Liabour corruption "crimes"

#1
http://www.telegraph.co.uk

http://www.transparency.org/

The "world's leading anti-corruption watchdog" has sent an 8-page dossier to the Met on the loans-for-peerages scandal, outlining possible criminal offences committed.

Send Bliar down now! He can have Jeffrey Archer's old cell. :twisted:

Dossier lists cash-for-peerages 'crimes'
Patrick Hennessy, Political Editor
(Filed: 23/04/2006)

More than seven separate criminal offences - including bribery and conspiracy to defraud - may have been committed by the leading players in the "cash-for-peerages" affair.

The world's leading anti-corruption watchdog, Transparency International (TI), has sent a detailed dossier to John Yates, Scotland Yard's Deputy Assistant Commissioner, who is heading the inquiry into the funding of the Labour and Conservative parties.

The eight-page document, compiled by the British branch of TI, signals that the police investigation could be wider and have far more serious consequences than has so far been suggested.

The possible criminal offences that TI UK suggests may have been committed - after a detailed legal analysis of the reported facts of the affair - are bribery, two separate counts of obtaining a pecuniary advantage by deception, false accounting, conspiracy to defraud, fraudulent trading, and offences under the Competition and Enterprise Act.

Up to now, police had been expected to concentrate their inquiries on whether the 1925 Honours Act or the Political Parties, Elections and Referendums Act 2000 had been broken.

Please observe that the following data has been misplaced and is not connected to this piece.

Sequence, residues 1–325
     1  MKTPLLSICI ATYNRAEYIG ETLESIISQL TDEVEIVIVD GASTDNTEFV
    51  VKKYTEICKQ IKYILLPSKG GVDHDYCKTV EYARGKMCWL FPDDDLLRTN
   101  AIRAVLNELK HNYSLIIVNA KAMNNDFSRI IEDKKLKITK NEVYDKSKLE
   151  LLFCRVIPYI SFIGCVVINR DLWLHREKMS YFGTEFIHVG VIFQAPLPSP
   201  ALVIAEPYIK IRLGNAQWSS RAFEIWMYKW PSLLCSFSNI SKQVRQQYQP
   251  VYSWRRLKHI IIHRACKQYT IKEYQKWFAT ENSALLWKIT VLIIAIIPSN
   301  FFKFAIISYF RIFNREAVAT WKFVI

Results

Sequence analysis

TI UK's submission also presents 51 questions that it believes should be asked by police - covering everything from the terms of the loans taken out by Labour and the Tories, to nominations for peerages, the awarding of Government contracts, and planning decisions.

The questions also seek to discover which senior politicians knew about secret loans - totalling £14 million for Labour and £20 million for the Conservatives.

Neill Stansbury, project director for TI UK, a non-government organisation that gets £1 million a year funding from the Department for International Development, said: "The UK has a very chequered record of law enforcement on bribery and corruption.

"The government tends to talk big at international conferences, such as the G8, on the need to tackle worldwide corruption, but it does nothing."

Senior figures on the list that police want to interview are understood to include Lord Levy, the Prime Minister's personal fund-raiser and a key figure in organising the £14 million of Labour loans, and Lord Sainsbury, the science and technology minister, who loaned £2.3 million to the party in the run-up to last year's election.